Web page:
This weekly roundup of news from mainland China, Taiwan, and Hong Kong attempts to collect the industry’s biggest news, including influential projects, changes in the regulatory landscape, and enterprise blockchain integrations.
China regulations, FACT or FUD?
Typically, this weekly column takes a broad look at all the developments, news, and even gossip within China. This week, most issues took a backseat to news that another crackdown had hit the industry, threatening to topple markets in a full-blown bear market.
Leaving the mines
It was all fun and games until a bug came from above. Liu He, China’s vice premier and a member of the almighty eight-person politburo, led a meeting on financial risk prevention and control. Among the decisions was a crackdown on Bitcoin mining and trading activities, piercing the hearts of anyone who hoped to see a more open regulatory environment. There were immediate indications that the ruling would not be taken lightly, and the province of Inner Mongolia established a hotline to report people who disobey the order.
BTC.TOP, one of the largest mining pools in the world with 2.5% of the global hashrate, immediately complied by announcing that it was closing operations. That didn’t stop BTC.TOP founder Jiang Zhuo from taking to the Weibo microblogging platform to announce that Bitcoin was a tool that China could use to break the monopoly of the US dollar in international trade.
Western experts struggle to find answers
China’s role in the mining community had been a major source of mistrust between the East and the West, with some Bitcoiners claiming that China’s potential control of the mining community could threaten the chain’s ability to remain fully decentralized. Consequently, some celebrated the news of the ban, thinking that the mining community would become more fragmented. However, the fact that China bans operations does not mean that Chinese companies will lose their dominant position in the industry. As Primitive Capital partner Dovey Wan pointed out, many miners are simply packing up and moving out of the country. Registering and basing your operations in regions like the US, Kazakhstan or even Africa would not prevent the mined BTC from belonging to Chinese miners, it would only make the centralization of the network more difficult to trace.
Exchanges and trading platforms have not been greatly affected so far. In 2017, when exchanges were first subject to regulations, the impact was much greater as many of the major exchanges were registered in China. Today, all platforms are domiciled in other countries, have servers abroad, and serve much more diverse user bases. Local authorities will have much less interest in interfering with these operations, as the impact on Chinese society is much less obvious. Huobi temporarily suspended futures trading for Chinese users, but it doesn’t appear to be a permanent change to the way they operate. Futures platform Bybit revealed that they were closing registered accounts with Chinese phone numbers by June 15, but since most of their users are not Chinese, the negative impact will be far less than the risk they would take by continuing to serve customers. Chinese users.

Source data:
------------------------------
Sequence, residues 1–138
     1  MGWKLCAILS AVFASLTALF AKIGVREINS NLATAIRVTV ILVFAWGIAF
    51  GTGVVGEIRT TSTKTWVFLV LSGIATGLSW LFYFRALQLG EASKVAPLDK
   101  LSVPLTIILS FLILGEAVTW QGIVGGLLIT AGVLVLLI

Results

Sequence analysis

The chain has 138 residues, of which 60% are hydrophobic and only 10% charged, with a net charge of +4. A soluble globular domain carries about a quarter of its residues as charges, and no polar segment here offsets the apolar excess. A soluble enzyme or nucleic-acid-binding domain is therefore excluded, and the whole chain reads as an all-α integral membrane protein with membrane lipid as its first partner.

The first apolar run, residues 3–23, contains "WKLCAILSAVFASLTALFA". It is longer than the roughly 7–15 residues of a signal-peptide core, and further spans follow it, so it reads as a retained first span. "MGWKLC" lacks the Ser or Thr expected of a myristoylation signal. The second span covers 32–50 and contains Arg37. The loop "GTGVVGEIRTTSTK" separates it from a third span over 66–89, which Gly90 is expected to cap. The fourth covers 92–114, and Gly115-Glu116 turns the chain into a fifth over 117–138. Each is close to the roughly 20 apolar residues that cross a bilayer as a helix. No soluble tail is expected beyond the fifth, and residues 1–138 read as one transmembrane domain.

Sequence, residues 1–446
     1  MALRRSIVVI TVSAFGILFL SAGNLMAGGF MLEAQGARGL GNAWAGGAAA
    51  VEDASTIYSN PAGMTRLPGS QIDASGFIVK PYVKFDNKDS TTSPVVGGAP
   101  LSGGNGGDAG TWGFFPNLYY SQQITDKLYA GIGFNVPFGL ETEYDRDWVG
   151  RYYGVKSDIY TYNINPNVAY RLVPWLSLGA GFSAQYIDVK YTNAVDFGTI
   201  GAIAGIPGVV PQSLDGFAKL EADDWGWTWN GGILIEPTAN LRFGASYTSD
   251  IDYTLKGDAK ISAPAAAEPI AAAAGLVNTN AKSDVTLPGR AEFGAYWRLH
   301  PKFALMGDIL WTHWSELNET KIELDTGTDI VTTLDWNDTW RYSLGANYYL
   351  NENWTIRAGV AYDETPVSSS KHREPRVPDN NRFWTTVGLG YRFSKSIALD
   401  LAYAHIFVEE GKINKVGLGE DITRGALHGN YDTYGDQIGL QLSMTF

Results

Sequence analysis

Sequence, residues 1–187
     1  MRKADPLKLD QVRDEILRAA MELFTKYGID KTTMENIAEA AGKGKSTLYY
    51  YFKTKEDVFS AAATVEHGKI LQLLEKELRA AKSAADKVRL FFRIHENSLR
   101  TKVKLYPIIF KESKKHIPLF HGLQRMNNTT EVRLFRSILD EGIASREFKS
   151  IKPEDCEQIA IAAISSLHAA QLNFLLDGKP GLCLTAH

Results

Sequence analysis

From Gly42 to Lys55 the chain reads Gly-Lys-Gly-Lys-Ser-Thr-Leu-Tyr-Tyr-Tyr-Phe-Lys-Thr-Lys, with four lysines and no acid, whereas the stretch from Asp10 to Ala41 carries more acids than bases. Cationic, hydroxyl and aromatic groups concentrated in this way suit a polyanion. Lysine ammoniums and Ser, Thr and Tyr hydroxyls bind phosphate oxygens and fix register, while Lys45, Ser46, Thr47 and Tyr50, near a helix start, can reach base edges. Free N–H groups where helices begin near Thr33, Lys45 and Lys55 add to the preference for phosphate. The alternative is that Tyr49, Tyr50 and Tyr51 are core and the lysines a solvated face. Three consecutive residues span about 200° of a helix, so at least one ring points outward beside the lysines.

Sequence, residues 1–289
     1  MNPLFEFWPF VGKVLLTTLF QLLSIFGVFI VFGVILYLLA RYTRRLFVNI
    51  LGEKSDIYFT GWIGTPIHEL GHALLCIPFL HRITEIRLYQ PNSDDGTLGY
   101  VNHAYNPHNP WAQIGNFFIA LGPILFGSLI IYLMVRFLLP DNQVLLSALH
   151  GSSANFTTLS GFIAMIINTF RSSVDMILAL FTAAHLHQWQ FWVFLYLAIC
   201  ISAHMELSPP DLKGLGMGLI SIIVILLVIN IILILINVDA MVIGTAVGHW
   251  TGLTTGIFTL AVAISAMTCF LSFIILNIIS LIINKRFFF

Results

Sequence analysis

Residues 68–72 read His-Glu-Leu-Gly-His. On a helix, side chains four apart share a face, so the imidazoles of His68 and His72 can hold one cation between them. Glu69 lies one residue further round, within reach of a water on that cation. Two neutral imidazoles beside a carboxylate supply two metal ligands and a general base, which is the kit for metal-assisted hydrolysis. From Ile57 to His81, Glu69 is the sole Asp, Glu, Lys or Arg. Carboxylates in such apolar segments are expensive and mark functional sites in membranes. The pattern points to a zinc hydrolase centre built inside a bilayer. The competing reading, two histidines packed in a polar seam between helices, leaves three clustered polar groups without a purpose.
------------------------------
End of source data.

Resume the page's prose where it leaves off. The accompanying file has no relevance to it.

Take your cake and eat it too
This looks like a winning situation for China as it can get closer to its carbon neutral targets by reducing the number of Bitcoin mines. At the same time, it is also consolidating eCNY as the only digital asset in the country. Finally, the profits from mining and exchanges will likely continue to flow to the mainland, as the offices of exchanges and mining operations are unlikely to follow the hardware outside the country.
Don’t forget about Hong Kong
Hong Kong is pushing forward its cryptocurrency retail ban by announcing measures that would place a minimum threshold of around $ 1 million on investment. Christopher Hui, Hong Kong Secretary of Treasury and Financial Services, has defended the requirements stating that he believes they protect investors, prohibit market manipulation and protect against money laundering and terrorist financing. The decision will definitely make the cryptocurrency in the special administrative region easier to track and make it harder for mainland Chinese citizens to bypass the rules.